After the initial intake session and treatment plan, therapists will continue to work to get to know their patient through a talk therapy process that helps them to identify their patient’s thought patterns and self-talk, related to the topics and problems they discussed with the therapist during their intake. The therapist will then help their patient begin to develop insight and awareness into their thought processes and how their automatic thoughts can be negatively contributing to how they feel and behave. Therapists can help shed light on how a person’s thoughts may be contributing to any self-destructive behavior that could be impacting their ability to feel good about themselves and the situations in their lives. In addition to insight building and awareness, therapists will help patients develop coping skills to help them to cope with negative feelings. These coping skills involve being able to examine and modify their thoughts if their automatic thoughts are not based in reality, as well as activities that can be used to help a patient practice regulating the physical feelings that come along with mental health issues.
In addition to the work inside the therapy room, CBT therapists often use “homework” as a way to help a person practice the skills they have learned in session. For example, if a person was struggling with feeling unmotivated to exercise (even though they identify that exercising helps with their mental health), a CBT therapist may have them complete a “thought record” where they record all of the thoughts that contributed to the patient deciding not to exercise that week. Then, during the next session, they would examine those thoughts and help to identify more healthy ways of thinking that could improve the patient’s motivation to exercise for the following week. Many other activities can be done for homework as a way to help a patient practice what they are learning in therapy sessions.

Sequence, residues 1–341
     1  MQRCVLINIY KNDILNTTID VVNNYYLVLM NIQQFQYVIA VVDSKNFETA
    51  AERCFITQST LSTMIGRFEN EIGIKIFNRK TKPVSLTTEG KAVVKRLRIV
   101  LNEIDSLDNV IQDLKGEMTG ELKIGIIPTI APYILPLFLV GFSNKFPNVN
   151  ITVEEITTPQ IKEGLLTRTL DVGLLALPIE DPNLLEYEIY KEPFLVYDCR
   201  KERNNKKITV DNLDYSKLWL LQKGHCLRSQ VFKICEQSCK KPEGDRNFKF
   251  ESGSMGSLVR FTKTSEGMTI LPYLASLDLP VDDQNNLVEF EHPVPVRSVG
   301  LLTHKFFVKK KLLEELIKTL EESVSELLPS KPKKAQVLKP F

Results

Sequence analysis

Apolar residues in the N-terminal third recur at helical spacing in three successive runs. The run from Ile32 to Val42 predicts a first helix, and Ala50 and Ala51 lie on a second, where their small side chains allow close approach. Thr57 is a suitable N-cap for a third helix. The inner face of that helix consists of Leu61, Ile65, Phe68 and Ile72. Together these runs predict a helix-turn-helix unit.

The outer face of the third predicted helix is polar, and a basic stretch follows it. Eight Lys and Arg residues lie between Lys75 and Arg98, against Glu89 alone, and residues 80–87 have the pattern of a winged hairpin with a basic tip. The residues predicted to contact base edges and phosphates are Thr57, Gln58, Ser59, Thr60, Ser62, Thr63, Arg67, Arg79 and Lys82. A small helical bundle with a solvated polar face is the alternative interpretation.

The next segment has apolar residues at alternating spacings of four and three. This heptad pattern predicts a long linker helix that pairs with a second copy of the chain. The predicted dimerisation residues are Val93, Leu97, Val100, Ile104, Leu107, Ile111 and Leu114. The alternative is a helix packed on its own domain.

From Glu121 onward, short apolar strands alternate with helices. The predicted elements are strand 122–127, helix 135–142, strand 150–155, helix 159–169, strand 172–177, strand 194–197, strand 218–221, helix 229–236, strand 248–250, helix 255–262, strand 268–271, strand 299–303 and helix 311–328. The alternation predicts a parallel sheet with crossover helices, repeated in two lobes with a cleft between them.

Disorders and Symptoms Treated with CBT
CBT has been widely researched to determine its effectiveness with a wide array of diagnoses and symptoms and has been found effective for many of them. Here is a list of some of the most common disorders that are treated with CBT based on the research behind it:
- Anxiety disorders
- Bipolar disorder
- Eating disorders
- Mood disorders
- Personality disorders
- Psychotic disorders
- Sleep disorders
- Substance abuse disorders
- Attention-related disorders
CBT has been found to help people who have been diagnosed with these conditions to manage the following symptoms:
- Emotional dysregulation
- CBT helps patients develop skills to recognize their emotions and help them use coping skills to regulate them before they cause problems in their life
- The therapy can help a person learn ways to process grief to help them cope with the loss of a loved one
- Physical complaints
- CBT teaches patients how to recognize when physical complaints may be related to their negative automatic thoughts and helps them use coping skills to redirect their thoughts to alleviate some of their physical pain
- Trauma symptoms